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TV Audience Measurement: Takeaways from ARF’s AudiencexScience 2018

July 26th, 2018   ||    by Charlene Weisler   ||    No Comments

The annual Advertising Research Foundation’s (ARF) AudiencexScience conference is a must-attend for anyone in the media, research, data, and advertising industries, and especially those interested in TV audience measurement. This year, the agenda was stacked—industry players covered the transition of short-form ads from digital-only platforms to TV, as well as issues of privacy, especially in the wake of the recent GDPR legislation—but here, we’re going to focus on cross-platform measurement strides and challenges.

Arguably one of the most vexing problems in standardizing cross-platform measurement is the lack of consensus on what the metrics and edit rules should be. Should the industry retain age and gender as the basic metric? And, if so, how does that reconcile across platforms?

Chris Squire, senior director of product management at Samba TV, explained that “a digital impression doesn’t mean the same thing as TV-based impressions. There needs to be distinct frequency reporting and a common definition for impressions,” to then be able to measure across platforms, he said.

Yet, maybe impressions no longer apply. Linda Yaccarino, chairman of advertising and client partnerships at NBCUniversal, believes the time has come to challenge age/gender legacy metrics. “We are in the outcomes business. All bets are off as it relates to legacy,” she stated. “If anyone can get it right it should be Nielsen,” she added, but it may not be one single commonly accepted measurement. “The days of a single currency proving impact is not the way the industry is going to go,” she concluded. For ARF CEO and President Scott McDonald, “the real currency is attention and emotion.” But how do we best measure that?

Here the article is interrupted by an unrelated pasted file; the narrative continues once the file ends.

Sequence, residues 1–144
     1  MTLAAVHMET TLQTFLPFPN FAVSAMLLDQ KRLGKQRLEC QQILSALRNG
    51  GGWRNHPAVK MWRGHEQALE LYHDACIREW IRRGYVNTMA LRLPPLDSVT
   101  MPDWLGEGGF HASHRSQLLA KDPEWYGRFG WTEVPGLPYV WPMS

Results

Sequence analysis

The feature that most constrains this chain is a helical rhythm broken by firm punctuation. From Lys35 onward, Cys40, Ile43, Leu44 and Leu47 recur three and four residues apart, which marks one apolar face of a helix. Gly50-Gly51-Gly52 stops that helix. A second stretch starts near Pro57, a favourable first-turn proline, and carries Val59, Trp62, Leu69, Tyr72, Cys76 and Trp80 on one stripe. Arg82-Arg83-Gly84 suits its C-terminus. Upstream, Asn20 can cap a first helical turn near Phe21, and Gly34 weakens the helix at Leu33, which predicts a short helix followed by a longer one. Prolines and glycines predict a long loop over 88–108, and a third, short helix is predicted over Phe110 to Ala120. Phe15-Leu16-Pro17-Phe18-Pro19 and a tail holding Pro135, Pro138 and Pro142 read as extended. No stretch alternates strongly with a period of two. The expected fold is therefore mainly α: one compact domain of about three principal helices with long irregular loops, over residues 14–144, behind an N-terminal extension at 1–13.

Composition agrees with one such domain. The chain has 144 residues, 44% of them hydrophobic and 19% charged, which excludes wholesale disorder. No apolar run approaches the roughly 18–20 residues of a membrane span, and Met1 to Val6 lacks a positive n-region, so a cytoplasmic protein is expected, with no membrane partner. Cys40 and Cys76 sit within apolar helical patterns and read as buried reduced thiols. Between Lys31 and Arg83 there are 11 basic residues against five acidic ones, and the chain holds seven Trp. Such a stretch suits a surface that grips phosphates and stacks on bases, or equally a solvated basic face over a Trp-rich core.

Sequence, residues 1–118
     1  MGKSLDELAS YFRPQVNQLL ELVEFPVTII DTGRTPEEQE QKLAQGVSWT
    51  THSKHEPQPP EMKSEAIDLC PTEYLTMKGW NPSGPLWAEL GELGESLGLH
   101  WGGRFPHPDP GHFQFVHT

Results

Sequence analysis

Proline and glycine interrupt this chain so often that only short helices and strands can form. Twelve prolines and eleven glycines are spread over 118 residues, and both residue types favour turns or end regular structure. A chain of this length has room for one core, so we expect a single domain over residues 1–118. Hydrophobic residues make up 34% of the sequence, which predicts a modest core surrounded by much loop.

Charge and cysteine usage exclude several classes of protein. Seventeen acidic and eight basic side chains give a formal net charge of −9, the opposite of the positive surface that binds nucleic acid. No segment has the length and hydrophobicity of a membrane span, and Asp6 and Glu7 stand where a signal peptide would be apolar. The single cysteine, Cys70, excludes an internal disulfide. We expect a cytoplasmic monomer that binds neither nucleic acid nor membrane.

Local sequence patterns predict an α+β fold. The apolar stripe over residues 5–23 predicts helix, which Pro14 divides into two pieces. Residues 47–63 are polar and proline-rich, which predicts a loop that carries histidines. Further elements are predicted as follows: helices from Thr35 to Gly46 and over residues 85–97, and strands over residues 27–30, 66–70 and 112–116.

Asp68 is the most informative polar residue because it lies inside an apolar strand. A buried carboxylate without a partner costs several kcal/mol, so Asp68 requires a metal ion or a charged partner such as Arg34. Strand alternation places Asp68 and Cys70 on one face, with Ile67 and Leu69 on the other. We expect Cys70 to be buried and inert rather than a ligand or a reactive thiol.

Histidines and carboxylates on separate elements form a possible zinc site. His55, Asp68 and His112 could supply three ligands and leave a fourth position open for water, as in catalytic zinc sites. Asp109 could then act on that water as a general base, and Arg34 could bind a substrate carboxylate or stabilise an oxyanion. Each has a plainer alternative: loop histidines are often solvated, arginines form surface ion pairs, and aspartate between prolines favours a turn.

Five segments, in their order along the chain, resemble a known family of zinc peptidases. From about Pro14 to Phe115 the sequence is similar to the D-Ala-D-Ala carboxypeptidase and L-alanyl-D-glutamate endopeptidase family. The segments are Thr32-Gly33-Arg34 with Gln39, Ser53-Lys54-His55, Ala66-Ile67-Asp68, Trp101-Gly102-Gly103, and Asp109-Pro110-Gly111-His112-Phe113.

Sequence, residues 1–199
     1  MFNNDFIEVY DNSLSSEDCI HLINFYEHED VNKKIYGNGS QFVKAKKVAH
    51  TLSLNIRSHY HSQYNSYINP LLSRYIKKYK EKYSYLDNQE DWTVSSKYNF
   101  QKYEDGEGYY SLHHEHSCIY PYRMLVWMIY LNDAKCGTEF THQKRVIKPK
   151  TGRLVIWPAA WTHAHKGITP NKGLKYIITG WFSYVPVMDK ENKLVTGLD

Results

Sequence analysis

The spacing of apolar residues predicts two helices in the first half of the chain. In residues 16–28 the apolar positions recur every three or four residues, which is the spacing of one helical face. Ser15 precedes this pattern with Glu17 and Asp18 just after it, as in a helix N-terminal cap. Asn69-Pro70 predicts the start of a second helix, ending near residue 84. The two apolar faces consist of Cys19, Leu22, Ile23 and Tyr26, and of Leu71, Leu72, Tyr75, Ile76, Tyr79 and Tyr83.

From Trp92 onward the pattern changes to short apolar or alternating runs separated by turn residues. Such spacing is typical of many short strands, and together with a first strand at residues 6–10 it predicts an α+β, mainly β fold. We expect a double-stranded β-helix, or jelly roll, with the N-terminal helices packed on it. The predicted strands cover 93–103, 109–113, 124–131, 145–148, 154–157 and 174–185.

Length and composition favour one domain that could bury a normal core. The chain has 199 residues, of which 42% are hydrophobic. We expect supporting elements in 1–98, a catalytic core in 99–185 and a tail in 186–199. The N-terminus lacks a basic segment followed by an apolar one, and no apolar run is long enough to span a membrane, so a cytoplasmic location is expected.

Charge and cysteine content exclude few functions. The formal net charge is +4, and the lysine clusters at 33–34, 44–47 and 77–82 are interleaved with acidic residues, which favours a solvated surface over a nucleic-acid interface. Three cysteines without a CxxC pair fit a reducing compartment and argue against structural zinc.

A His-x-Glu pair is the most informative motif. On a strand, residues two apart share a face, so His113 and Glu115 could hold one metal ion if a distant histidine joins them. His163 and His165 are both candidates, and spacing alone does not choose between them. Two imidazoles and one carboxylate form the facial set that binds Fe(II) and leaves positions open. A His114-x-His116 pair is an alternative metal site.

“Quality is important and quality comes at a premium,” stated Megan Clarken, president of Nielsen Watch. “We do the best we can. We can go cheaper but, like eating cheap sushi, at the end of the day you might go a little green.”

Jonathan Steuer, chief research officer at Omnicom, has been advocating for the media industry to take a page from the food industry and enforce ingredient labeling for measurement. The Coalition for Innovative Media Measurement has taken on the task to find a voluntary labeling standard and scalable tool to assess commercial targeting.

As an industry, we still seem to be trying to find the best form of TV audience measurement in a landscape that is constantly shifting. But what media professionals are finding is that there is no more business-as-usual.

Despite the uncertainty and stress, there also appears to be much more collaboration, creative research, and astute insights into what makes consumers tick. How this ultimately standardizes for content creators and brands will continue to be a primary focus. Who knows what next year’s AudiencexScience conference will reveal?

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